About a year ago, I wrote my first Attentive Body blog post: an article about how to handle getting whacked by life. A few days after I completed it, my mother died. And suddenly my post seemed very tame.
Its message is still valid; it was perhaps just a little neater than life actually is. Now I want to write the messy version. Because lately, death seems unusually present, both in the headlines and in the lives of the people around me. (Of course this is an illusion. Death never stops – it just hits more or less close to home.) So this is for the people who have lost their companions, friends, parents, children; for the people missing David Bowie and Harper Lee, Michel Delpech and Pierre Boulez, Lemmy and Alan Rickman; for anyone in mourning who may consciously or unconsciously believe there is a proper way to do it. Pay attention to what you’re saying to yourself, and beware the grief police.
In the days, weeks, and months following my mother’s death, I tried to take my own advice about riding the punch and staying in the uncomfortable place. But I wasn’t prepared for how hard it would be to let myself feel ugly, tired, heavy, lost. My needs and emotions warped and ricocheted daily, sometimes hourly. I debated whether I should be active (don’t wallow!) or give in to more minimalist desires (no food, just sleep please). Was it improper to go to work? Was it ok to talk about it with people? How much? Even with my colleagues who, like me, are trained in the art of letting the body do what it needs to do and living whatever the moment presents – even with them I felt myself tempering my replies, as though saying the “wrong thing” would mean I had fundamentally misunderstood something about my profession. I hedged. I developed a few phrases that I repeated. “It’s intense,” I would say. “But I’m ok.” I was not ok, but how many times can you say it? How long is it ok to not be ok?
In those confused spring months I read Joan Didion, unwitting goddess of grief, whose guileless descriptions of her own losses resonated with my experience. The attempt to make sense of it, to fathom the unfathomable: that you will never see this person again, that whatever was not resolved with them never will be, that whatever you live from now on will be lived without them. And: the waves coming up from my feet, the pinching in the lower part of my lungs that made it difficult to breathe, the pressure like a stone in my throat, heat and water in my eyes.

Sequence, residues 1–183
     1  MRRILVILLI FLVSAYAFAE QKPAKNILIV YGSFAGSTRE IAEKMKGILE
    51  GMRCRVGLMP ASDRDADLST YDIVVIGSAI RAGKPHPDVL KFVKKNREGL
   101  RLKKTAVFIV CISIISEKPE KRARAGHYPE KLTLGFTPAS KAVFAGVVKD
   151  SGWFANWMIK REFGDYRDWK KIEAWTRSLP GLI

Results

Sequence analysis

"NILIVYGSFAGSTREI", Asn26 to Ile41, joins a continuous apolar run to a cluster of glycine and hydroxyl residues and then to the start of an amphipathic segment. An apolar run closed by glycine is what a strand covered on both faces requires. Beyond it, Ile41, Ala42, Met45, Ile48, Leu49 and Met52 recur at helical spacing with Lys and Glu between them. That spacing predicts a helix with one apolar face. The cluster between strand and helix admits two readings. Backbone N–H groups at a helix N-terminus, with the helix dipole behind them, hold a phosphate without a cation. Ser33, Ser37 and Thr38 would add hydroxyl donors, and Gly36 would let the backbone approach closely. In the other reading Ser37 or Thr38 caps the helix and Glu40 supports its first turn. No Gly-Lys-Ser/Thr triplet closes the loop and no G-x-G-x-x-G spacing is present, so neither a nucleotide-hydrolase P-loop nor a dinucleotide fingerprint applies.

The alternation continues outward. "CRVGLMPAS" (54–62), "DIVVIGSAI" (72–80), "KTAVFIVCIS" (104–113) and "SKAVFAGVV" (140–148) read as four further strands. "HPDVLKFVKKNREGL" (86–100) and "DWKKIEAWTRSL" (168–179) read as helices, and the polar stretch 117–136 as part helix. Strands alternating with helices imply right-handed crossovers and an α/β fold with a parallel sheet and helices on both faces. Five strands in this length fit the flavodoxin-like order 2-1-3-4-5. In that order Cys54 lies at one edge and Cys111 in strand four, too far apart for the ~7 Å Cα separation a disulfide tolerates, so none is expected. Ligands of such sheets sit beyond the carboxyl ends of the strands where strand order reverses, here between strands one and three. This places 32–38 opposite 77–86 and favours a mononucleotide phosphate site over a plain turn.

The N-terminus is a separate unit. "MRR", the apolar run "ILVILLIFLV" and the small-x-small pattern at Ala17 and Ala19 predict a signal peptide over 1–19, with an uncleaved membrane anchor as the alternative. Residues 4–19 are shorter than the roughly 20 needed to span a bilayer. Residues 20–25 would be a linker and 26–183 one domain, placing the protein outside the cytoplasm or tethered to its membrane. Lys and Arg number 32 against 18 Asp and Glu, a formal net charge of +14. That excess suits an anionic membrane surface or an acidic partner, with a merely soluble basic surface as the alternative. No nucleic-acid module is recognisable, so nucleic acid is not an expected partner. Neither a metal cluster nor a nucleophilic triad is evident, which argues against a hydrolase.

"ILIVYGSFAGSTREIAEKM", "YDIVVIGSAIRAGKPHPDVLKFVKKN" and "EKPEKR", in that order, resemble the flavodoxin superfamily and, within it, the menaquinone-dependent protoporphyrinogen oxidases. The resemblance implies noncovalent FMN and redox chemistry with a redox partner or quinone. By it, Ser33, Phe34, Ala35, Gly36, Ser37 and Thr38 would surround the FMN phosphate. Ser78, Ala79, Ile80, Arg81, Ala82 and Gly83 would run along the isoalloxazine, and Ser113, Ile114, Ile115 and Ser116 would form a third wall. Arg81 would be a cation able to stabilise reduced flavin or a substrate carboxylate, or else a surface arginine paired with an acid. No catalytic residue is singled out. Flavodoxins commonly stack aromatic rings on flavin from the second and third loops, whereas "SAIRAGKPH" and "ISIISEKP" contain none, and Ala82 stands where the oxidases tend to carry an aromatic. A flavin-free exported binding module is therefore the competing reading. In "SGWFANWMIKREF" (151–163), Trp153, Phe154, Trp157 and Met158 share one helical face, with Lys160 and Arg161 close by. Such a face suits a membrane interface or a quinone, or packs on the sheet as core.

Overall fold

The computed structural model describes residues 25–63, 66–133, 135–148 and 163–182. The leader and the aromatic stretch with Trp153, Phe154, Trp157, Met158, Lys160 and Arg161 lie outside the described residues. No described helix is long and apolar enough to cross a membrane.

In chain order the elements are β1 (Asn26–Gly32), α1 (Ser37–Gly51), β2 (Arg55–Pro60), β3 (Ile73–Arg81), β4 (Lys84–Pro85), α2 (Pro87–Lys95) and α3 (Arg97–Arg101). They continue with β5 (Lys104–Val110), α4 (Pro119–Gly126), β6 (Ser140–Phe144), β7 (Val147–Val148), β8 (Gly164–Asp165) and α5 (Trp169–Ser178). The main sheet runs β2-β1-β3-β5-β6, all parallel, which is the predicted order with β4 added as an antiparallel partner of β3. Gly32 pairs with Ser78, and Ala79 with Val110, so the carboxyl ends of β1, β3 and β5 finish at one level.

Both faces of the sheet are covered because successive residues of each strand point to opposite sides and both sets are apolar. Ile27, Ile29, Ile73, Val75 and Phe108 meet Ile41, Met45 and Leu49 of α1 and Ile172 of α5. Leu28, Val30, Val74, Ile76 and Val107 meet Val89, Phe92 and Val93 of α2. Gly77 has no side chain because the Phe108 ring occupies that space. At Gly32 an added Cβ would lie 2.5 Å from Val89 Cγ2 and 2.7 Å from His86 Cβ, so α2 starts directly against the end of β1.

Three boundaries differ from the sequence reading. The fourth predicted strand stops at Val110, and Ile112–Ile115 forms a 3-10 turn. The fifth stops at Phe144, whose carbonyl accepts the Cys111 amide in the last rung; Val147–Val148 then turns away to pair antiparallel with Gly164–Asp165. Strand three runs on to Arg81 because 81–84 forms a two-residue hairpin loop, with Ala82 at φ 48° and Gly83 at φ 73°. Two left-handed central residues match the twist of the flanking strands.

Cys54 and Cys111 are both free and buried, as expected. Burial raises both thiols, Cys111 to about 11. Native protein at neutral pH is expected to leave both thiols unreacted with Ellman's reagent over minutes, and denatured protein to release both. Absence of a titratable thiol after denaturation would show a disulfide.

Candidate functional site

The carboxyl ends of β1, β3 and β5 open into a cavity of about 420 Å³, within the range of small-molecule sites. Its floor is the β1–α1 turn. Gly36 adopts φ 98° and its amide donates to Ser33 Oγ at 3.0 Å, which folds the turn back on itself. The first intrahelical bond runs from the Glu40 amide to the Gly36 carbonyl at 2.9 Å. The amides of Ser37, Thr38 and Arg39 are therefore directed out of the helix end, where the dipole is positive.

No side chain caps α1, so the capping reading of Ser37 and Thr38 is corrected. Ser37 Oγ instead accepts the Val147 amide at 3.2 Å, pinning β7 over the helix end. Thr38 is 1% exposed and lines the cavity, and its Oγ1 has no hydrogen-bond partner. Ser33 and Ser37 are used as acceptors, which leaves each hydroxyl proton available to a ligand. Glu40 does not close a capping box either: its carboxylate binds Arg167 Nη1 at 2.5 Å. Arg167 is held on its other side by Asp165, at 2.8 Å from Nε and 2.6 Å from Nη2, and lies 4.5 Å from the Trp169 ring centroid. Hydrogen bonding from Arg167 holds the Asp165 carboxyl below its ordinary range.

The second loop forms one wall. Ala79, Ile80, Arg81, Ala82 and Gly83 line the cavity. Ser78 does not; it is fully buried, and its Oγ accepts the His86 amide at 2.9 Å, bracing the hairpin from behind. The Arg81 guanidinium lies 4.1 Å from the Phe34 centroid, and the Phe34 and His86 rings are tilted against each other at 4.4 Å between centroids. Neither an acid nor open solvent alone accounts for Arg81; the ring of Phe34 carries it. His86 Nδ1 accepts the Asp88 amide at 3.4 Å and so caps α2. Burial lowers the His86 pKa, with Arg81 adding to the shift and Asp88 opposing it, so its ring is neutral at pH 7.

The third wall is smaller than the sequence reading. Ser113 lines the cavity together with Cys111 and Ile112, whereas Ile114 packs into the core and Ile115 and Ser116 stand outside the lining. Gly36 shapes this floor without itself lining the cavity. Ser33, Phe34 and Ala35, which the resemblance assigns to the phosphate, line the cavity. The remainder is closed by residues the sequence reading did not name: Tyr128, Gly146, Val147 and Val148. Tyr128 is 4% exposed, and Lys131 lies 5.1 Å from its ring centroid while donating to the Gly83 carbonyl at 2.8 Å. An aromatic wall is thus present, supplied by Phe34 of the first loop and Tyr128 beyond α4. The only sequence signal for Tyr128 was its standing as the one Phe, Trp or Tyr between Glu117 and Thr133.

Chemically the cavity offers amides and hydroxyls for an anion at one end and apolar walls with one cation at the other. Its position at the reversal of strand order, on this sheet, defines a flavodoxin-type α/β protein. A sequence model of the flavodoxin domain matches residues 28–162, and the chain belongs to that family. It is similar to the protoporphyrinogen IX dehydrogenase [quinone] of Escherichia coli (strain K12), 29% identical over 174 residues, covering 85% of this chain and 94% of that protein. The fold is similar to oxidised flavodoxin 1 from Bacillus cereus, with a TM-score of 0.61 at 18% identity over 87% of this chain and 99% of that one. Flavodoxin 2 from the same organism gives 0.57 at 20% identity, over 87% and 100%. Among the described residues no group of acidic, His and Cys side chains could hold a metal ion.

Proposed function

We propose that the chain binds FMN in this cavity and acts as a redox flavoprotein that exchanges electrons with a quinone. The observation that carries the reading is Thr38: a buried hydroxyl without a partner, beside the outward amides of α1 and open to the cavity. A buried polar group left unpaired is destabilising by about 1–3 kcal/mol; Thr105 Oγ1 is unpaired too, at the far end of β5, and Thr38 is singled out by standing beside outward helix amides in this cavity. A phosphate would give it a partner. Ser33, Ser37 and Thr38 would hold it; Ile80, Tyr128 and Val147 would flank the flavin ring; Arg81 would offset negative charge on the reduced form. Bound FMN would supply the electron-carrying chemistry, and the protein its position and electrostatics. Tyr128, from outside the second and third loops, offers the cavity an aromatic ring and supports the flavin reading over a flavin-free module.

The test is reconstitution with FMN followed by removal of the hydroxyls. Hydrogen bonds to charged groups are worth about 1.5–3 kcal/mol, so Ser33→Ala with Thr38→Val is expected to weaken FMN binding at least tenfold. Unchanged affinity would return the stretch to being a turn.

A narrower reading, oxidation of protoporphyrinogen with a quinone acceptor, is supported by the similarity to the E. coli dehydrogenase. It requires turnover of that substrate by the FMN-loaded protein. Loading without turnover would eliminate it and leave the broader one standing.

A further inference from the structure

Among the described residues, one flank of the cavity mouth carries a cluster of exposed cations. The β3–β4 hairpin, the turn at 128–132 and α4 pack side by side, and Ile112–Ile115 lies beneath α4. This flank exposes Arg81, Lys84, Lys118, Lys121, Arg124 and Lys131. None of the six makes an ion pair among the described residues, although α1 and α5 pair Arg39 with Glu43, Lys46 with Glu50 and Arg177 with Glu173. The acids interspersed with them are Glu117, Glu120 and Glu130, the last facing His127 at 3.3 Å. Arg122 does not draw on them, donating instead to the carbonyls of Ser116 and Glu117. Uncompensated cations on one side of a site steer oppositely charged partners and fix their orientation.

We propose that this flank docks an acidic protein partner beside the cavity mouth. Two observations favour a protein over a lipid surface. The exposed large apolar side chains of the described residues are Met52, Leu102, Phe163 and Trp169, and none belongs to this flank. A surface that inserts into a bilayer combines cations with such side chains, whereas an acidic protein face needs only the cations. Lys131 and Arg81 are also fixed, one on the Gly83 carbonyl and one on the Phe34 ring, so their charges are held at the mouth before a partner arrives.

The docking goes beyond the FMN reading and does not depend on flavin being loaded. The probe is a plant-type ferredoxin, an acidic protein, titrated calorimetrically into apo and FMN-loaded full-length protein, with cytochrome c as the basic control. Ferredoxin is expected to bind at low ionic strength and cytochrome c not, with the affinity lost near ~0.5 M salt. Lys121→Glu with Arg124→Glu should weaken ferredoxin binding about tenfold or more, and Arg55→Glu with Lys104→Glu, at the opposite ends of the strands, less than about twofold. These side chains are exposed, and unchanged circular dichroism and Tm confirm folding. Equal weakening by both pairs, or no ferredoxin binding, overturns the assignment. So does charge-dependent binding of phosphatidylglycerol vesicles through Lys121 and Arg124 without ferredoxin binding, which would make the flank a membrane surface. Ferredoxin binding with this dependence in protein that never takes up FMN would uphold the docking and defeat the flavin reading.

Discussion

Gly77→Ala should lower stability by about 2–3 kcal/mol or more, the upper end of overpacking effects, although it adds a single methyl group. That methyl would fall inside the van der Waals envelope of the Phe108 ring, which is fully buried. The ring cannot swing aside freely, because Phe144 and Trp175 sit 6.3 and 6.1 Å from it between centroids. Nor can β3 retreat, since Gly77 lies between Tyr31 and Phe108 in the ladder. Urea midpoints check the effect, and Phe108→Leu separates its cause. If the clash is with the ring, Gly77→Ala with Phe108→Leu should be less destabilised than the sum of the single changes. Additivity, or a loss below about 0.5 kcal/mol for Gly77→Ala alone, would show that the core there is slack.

“Society polices grief,” writes bereavement scholar Dennis Klass in the Encyclopedia of Death and Dying, of which I also read a good deal. “It controls and instructs the bereaved about how to think, feel, and behave. All societies have rules about how the emotions of grief are to be displayed and handled.” On top of the actual grief, there are expectations about grieving, most of them cultural or religious. How would I be expected to mourn my mother?
In Bali I should swallow my tears.
In Egypt I should weep long and loud.
In Japan I should buck up and not make anyone uncomfortable.
In China I should hire someone to wail.
In Tibet I should chant every day for 49 days and look for a lotus in her ashes.
Among the Maorie I should stay close to her cold body and speak to her.
In New Jersey I should wear black and look at her body as it lay in a box and take a long slow drive to the cemetery where I would pick my way carefully among the ice and mud to lay a flower against her grave as if in a dream. Then in the Lighthouse Restaurant on Broadway I should eat food without an appetite and drink wine and raise a glass with my relatives as they share their memories of her.
Being from New Jersey, this is exactly what I did.
Then one day, in the shower, I was once again contemplating the do’s and don’ts of grieving, when I noticed that I’d gone into the bubble of my thoughts and had not been feeling the water on my skin. I suddenly saw this thing of “how to grieve,” and it made me angry. So I stopped. I let go of everything I was squeezing. I breathed. I cried. And I got even angrier, and the anger pulsed up in a great rush and relief: there was no proper way to grieve, and therefore no improper one. I could collect and compare other people’s experiences, but to use them as some kind of yardstick was a big mistake. There is no yardstick for grief, nor measure, no compass but one’s own.
Death left me standing in the shower breathing deeply and saying, I can react however the fuck I want.
And the second thought, perhaps an obvious one, was, Why wait for death to do whatever the fuck you want?
We do so much to ignore it. But facing death – the pain of someone else’s, and the fear of your own – can lead to the greatest freedom. Death is your Get Out of Jail Free card. Because until it happens to you, you still have a chance to live, to look at what you’ve done and who you’ve been, and to not waste the time you have left. Don’t turn away, as Rumi says: “Keep your gaze on the bandaged place. That’s where the light enters you.”